Services MUST be used as objects, they are never static.
A single service MUST consist of one class only.
Services MUST be located in a
Service/directory and the class and file name MUST end with
Service instances MAY hold a state, but they SHOULD be stateless.
Services MAY use their own configuration, but they SHOULD not.
Services MAY have multiple entry points, but they SHOULD have only one.
Services SHOULD NOT be singletons
A “service” in this context is meant as the relatively short-sighted
process of putting a class into a
Service/ subfolder and calling
WhateverService. It does not have too much to do with the
DDD Service context, which is broader. This section is just about which
scope can be expected for classes residing in a Service folder within
From this point of view, a service in the TYPO3 world is a relatively slim class construct that encapsulates a specific concern. It is too big for a small static method, it may hold a state, but it is still just a relatively small scope. Each service consists typically of only a single class. A bigger construct with interfaces, multiple sub classes is not called a service anymore.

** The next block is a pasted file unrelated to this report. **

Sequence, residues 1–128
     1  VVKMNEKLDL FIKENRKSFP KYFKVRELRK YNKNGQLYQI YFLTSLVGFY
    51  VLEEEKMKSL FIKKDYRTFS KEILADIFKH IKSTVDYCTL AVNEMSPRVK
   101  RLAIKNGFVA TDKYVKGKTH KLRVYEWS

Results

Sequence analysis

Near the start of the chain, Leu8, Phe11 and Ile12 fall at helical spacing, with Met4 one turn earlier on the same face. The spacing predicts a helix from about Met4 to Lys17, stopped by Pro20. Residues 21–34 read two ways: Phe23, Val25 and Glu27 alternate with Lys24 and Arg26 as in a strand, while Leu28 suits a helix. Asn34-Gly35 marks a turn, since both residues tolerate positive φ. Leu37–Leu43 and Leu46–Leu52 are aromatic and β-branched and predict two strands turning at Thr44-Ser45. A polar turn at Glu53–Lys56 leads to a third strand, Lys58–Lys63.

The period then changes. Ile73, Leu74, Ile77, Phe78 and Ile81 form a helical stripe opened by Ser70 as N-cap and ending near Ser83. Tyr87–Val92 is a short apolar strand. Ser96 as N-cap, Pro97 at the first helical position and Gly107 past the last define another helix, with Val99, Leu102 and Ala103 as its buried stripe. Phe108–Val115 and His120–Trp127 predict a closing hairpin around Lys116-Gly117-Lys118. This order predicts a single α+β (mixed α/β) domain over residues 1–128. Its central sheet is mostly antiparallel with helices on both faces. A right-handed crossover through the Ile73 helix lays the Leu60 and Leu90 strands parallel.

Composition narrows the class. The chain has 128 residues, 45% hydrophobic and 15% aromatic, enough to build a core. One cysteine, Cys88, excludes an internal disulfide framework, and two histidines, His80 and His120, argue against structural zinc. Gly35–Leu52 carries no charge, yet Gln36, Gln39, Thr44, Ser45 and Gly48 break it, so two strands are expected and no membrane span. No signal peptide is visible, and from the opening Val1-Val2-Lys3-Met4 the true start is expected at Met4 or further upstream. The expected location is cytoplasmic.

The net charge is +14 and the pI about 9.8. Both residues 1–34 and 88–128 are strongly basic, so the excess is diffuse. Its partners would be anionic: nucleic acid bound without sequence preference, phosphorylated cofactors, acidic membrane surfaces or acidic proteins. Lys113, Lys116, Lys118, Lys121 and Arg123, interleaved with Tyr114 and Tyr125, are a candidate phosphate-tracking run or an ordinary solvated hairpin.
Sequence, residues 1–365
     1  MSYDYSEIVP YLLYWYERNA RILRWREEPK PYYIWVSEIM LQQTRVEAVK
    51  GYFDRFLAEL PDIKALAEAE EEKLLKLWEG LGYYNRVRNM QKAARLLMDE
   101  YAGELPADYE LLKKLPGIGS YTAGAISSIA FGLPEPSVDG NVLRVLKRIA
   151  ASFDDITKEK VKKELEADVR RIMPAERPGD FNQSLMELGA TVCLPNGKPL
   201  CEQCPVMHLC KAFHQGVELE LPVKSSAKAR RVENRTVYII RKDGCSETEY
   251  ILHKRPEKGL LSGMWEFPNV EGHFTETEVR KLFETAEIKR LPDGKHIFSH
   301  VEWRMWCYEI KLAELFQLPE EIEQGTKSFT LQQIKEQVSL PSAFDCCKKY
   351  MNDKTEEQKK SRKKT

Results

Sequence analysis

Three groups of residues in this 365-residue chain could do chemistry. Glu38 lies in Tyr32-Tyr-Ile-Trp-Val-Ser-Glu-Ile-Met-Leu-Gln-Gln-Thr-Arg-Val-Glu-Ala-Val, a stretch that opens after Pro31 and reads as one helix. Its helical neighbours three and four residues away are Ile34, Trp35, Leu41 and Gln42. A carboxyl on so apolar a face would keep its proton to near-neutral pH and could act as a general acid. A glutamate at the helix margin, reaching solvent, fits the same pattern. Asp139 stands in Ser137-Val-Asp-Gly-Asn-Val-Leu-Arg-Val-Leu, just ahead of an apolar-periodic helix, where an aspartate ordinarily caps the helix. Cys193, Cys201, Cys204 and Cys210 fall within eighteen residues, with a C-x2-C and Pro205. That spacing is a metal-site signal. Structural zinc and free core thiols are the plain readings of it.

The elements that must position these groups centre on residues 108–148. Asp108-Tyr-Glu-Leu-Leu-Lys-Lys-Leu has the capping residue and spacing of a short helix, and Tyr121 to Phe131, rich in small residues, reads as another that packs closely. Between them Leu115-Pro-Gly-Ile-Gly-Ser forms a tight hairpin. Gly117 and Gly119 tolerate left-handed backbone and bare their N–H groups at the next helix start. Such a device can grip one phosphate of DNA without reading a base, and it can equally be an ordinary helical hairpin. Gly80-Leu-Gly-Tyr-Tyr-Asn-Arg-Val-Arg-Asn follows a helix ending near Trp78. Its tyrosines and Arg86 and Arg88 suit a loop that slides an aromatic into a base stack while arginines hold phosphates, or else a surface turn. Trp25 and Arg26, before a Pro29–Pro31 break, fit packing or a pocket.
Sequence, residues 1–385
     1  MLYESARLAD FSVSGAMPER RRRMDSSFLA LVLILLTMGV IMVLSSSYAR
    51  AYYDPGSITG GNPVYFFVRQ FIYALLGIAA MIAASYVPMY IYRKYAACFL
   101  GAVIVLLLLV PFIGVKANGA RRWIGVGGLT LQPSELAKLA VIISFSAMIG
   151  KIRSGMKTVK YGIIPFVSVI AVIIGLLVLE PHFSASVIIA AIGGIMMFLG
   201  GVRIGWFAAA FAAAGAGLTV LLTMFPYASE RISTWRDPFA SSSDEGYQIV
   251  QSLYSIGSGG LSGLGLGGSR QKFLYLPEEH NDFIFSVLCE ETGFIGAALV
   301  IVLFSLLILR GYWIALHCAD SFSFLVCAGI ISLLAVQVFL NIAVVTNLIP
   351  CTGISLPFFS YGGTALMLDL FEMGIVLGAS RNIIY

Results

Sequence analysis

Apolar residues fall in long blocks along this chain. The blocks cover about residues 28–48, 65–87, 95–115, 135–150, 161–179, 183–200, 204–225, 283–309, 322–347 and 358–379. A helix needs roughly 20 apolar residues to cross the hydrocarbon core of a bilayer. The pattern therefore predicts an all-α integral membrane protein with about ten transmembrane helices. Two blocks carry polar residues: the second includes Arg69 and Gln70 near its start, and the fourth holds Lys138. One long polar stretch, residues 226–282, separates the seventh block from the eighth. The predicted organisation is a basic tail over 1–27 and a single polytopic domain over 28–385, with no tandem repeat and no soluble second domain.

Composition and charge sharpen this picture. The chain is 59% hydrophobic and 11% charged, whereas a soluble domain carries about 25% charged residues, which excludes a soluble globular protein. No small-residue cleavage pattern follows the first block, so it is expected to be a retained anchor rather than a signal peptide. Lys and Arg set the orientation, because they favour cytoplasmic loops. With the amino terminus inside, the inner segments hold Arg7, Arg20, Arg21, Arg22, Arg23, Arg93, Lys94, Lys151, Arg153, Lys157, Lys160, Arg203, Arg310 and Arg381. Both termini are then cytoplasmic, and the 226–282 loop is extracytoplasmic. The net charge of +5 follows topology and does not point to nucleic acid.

The above characteristica MAY and SHOULD mean that a single service MAY do a single one or two of them, but if for instance a service would become relatively big, if it would have many entry points, if it would keep states and depend on configuration, this would be too much. This would be a sign that it should be modeled in a different and more dedicated and more disjoint way.
The main risk with service classes is that they pile up to a conglomeration of helper stuff classes that are hanging around without good motivation. It is important that a service class should not be a bin for something that just does not fit to a different better place within the scope of a specific extension.
Small and straight scope with useful helpers
It is a singleton, but that is feasible in this case
Not modeled in a sane way, this should be within
Far too complex, class abstraction and extending classes